WOMEN’S ANTI‑DISCRIMINATION COMMITTEE WILL HEAR REPORTS OF EIGHT COUNTRIES,
WHEN IT MEETS AT HEADQUARTERS, 13-31 JANUARY
The twenty-eighth session of the Committee on the Elimination of Discrimination against Women will take place at United Nations Headquarters in New York from 13 to 31 January 2003.
The Committee will review the reports of eight States parties, including the combined initial and second periodic report of Albania and Switzerland respectively; the fifth periodic report of Canada; the combined initial, second, third, fourth and fifth periodic reports of Republic of Congo; the combined third and fourth, the fifth and the sixth periodic reports of El Salvador; the combined third and fourth periodic reports of Kenya; the fourth periodic report of Luxembourg; the fifth and sixth periodic reports of Norway.
The 23 experts of the Committee, who serve in their personal capacities, monitor the implementation of the Convention on the Elimination of All Forms of Discrimination against Women. Since 1997, the Committee has met twice annually. In August 2002 the Committee conducted an exceptional session to reduce the backlog of reports awaiting its consideration.
The Convention, which as of 7 January 2003 had been ratified or acceded to by 170 countries, requires States parties to eliminate discrimination against women in the enjoyment of all civil, political, economic and cultural rights. In pursuing the Convention’s goals, States parties are encouraged to introduce affirmative action measures designed to promote equality between women and men. The Convention was adopted by the General Assembly in 1979 and came into force in 1981.
The Optional Protocol to the Convention entered into force on 22 December 2000. It entitles the Committee to consider petitions from individual women or groups of women who have exhausted national remedies and to conduct inquiries into grave or systematic violations of the Convention. As of 7 January 2003, there were 49 States parties to the Optional Protocol.
Countries that have ratified or acceded to the Convention are legally bound to put its provisions into practice. They are also committed to submit reports, one year after becoming a State party and then at least once every four years thereafter, on measures they have taken to comply with their treaty obligations. In addition to reviewing the reports and evaluating progress made in concluding comments, the Committee formulates general recommendations on eliminating discrimination against women to the States parties as a whole. It may also invite UN specialized agencies to submit reports and receive information from non‑governmental organizations.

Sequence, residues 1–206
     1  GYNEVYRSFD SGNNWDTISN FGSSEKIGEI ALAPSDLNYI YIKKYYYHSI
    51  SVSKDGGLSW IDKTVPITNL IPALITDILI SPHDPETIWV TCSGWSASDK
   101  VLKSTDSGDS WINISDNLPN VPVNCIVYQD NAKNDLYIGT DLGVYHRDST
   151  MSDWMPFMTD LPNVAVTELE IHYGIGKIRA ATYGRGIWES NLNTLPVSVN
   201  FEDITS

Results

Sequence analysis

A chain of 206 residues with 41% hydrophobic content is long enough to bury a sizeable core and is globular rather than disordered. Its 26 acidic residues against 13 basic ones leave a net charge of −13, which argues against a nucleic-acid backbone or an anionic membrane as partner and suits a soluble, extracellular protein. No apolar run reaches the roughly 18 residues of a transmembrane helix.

To date, the Committee has considered 119 initial, 89 second, 69 third,
41 fourth and 15 fifth periodic reports. It has also received five reports on an
exceptional basis –- Bosnia and Herzegovina, Croatia, Democratic Republic of the Congo, Federal Republic of Yugoslavia (Serbia and Montenegro), and Rwanda.
The Committee has adopted 24 general recommendations covering such issues as women’s economic position; the impact of structural adjustment policies; maternity leave; measures taken to allow women to combine child‑bearing with employment; violence against women; the dissemination of the Convention and its provisions; and the extent to which non‑governmental organizations have been incorporated into the process of preparing reports on the implementation of the Convention. The Committee is currently working on its twenty-fifth general recommendation, which was begun during its twenty-fourth session. When completed, this new recommendation will address article 4.1 of the Convention on temporary special measures aimed at accelerating de facto equality between men and women.
Experts receive country-specific information from non‑governmental organizations, which are able to brief the Committee’s pre-session working group and plenary meeting.
About the Convention
With the accession to the Convention on the Elimination of All Forms of Discrimination against Women by Bahrain on 18 June 2002, the number of States parties to the Convention became 170. Adopted in 1979 and opened for signature in March 1980, the Convention is now among the international human rights treaties with the largest number of ratifications and accessions. However, it is also among those treaties with the highest number of reservations by States parties.
The Convention in its 16 substantive articles defines discrimination against women and provides an agenda for national action to end such discrimination. Discrimination against women is defined as “any distinction, exclusion or restriction made on the basis of sex which has the effect or purpose of impairing or nullifying the recognition, enjoyment or exercise by women, irrespective of their marital status, on a basis of equality of men and women, of human rights and fundamental freedoms in the political, economic, social, cultural, civil, or any other field”.
The Convention spells out the basis for realizing equality between men and women through ensuring women’s equal access to, and equal opportunities in, political and public life –- including the right to vote and stand for election -– as well as education and employment. States parties agree to take all appropriate measures, including legislative and temporary special measures, so that women can enjoy all their human rights and fundamental freedoms.